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QUESTION: We have an older RDH who refuses take x-rays, vitals, or other basics because it is "overkill." She does 15- to 20-minute prophys, and then patients want to know why their teeth fall out. She also refuses to be politically correct, demeaning the housekeeping staff with a few choice words. I won't even begin to go into detail about her other ridiculous rants. What boss in his right mind allows this? This RDH is not even a production center because eight patients a day with no frills is her limit. I sense extortion of some sort with the previous owner and now the new one. Does this fall under the description of a toxic team member? It’s certainly not fair that the rest of the team is expected to work and behave properly and not confront her. Is there anything we can do to convince the doctor to get rid of her?
ANSWER FROM JANET HAGERMAN, Janet Hagerman Consulting:
Oh my. Where to start? Your narrative does indeed fall under the description of a toxic team member. Please consider the following.
You say, "She refuses to take x-rays or vitals because it is 'overkill.' She does 15- to 20-minute prophys.” First, the practice should have an office policy manual and job descriptions outlining the specific duties expected of the hygienists and each team member. This should specify things such as radiographic protocol, vitals protocol, and periodontal and prophylaxis protocol. The office manual should also outline acceptable, expected, and professional office behavior. A good resource for this used by many health-care practices is the human resources company Bent Ericksen & Associates.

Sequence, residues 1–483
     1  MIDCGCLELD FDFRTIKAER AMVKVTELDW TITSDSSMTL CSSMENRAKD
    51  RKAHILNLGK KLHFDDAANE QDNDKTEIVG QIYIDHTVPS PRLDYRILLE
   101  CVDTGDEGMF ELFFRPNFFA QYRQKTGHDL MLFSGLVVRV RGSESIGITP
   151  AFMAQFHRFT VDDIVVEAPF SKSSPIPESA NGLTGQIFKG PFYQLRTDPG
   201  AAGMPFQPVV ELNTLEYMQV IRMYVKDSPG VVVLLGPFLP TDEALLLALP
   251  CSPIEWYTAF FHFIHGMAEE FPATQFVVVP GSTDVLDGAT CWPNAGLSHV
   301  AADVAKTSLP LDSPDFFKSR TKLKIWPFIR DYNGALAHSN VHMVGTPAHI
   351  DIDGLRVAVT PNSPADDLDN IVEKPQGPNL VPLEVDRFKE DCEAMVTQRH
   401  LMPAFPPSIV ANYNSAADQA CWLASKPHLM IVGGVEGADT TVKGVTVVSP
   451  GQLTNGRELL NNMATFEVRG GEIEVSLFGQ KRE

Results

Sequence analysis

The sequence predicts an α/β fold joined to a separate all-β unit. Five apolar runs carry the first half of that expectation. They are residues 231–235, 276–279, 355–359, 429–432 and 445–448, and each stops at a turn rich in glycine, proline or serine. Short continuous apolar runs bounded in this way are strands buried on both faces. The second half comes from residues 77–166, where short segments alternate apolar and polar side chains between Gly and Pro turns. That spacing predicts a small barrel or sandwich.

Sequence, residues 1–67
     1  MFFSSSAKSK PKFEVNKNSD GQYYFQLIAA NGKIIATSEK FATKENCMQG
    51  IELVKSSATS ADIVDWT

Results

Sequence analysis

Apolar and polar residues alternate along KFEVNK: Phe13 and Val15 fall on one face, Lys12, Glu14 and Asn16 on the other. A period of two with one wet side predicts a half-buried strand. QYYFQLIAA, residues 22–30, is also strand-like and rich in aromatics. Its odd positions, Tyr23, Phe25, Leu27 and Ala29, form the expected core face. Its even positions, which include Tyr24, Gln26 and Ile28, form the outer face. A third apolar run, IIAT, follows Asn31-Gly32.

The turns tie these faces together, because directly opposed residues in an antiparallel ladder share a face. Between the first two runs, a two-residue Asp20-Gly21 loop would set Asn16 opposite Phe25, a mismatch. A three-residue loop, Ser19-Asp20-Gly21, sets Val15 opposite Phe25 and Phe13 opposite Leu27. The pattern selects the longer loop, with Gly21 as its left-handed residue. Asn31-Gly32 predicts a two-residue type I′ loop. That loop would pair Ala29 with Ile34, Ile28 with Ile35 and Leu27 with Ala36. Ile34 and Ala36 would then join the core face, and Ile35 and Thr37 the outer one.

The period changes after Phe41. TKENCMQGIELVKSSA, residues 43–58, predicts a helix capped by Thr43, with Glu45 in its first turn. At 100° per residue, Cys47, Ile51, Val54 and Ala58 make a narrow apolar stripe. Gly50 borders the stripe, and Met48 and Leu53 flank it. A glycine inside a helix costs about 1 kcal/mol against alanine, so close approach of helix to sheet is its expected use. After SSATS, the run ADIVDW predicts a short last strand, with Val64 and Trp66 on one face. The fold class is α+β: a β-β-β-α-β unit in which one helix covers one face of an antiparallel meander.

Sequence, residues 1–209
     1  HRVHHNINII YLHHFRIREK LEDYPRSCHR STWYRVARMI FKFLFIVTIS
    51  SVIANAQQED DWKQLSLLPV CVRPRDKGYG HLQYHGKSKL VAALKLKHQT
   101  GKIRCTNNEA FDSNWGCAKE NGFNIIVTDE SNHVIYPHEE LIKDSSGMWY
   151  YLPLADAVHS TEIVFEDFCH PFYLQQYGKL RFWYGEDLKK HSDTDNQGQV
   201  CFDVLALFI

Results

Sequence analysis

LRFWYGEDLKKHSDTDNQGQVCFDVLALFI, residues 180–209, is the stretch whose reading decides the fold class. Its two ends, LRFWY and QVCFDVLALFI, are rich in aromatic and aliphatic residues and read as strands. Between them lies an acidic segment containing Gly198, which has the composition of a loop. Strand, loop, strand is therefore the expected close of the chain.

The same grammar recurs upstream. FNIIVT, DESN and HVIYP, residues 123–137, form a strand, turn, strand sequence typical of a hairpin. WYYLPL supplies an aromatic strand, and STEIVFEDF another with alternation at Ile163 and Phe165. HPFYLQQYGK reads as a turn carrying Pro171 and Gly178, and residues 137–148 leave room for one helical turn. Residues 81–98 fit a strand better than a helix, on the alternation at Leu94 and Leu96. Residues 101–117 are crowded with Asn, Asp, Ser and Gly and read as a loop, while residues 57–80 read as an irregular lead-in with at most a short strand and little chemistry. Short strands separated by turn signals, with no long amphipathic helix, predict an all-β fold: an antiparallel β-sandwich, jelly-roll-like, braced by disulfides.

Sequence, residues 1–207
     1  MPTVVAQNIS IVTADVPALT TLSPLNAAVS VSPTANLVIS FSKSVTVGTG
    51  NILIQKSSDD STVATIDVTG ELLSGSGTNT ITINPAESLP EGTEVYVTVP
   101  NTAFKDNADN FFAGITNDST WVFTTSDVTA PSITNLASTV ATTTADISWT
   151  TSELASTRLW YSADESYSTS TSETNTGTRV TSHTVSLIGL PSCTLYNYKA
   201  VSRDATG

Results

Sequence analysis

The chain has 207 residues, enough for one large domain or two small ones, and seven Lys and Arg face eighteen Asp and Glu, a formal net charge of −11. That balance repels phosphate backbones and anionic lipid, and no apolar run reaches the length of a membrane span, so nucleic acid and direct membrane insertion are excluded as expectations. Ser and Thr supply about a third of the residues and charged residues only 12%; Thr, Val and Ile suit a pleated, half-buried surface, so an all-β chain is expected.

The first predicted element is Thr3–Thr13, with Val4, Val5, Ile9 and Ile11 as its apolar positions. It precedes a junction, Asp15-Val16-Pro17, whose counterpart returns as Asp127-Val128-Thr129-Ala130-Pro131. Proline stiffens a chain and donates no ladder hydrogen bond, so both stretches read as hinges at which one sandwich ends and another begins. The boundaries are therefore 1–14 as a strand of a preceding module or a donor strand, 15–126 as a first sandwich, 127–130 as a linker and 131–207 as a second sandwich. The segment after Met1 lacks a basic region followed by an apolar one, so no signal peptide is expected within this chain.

You say, “I sense extortion.” As to whether or not your sense of extortion is legitimate (a serious charge) or an unfounded suspicion on your part, this would also be a matter for an HR expert.
What boss in his right mind allows this? I would be curious to know what conversations you’ve had with your boss to inquire about the congruency of your practice philosophies. You really need to understand your doctor/owner’s vision for the practice and that's aligned with your own, and that it is something you can support.
She is demeaning to the housekeeping staff and other ridiculous rants. Is this within hearing distance of patients? If not then you may have to simply ignore this. Toxic personalities thrive on drama and attention to their negative behavior. That’s why they do it. Do not give in to this. And by all means, do not stir the pot by gossiping about this with your other team members.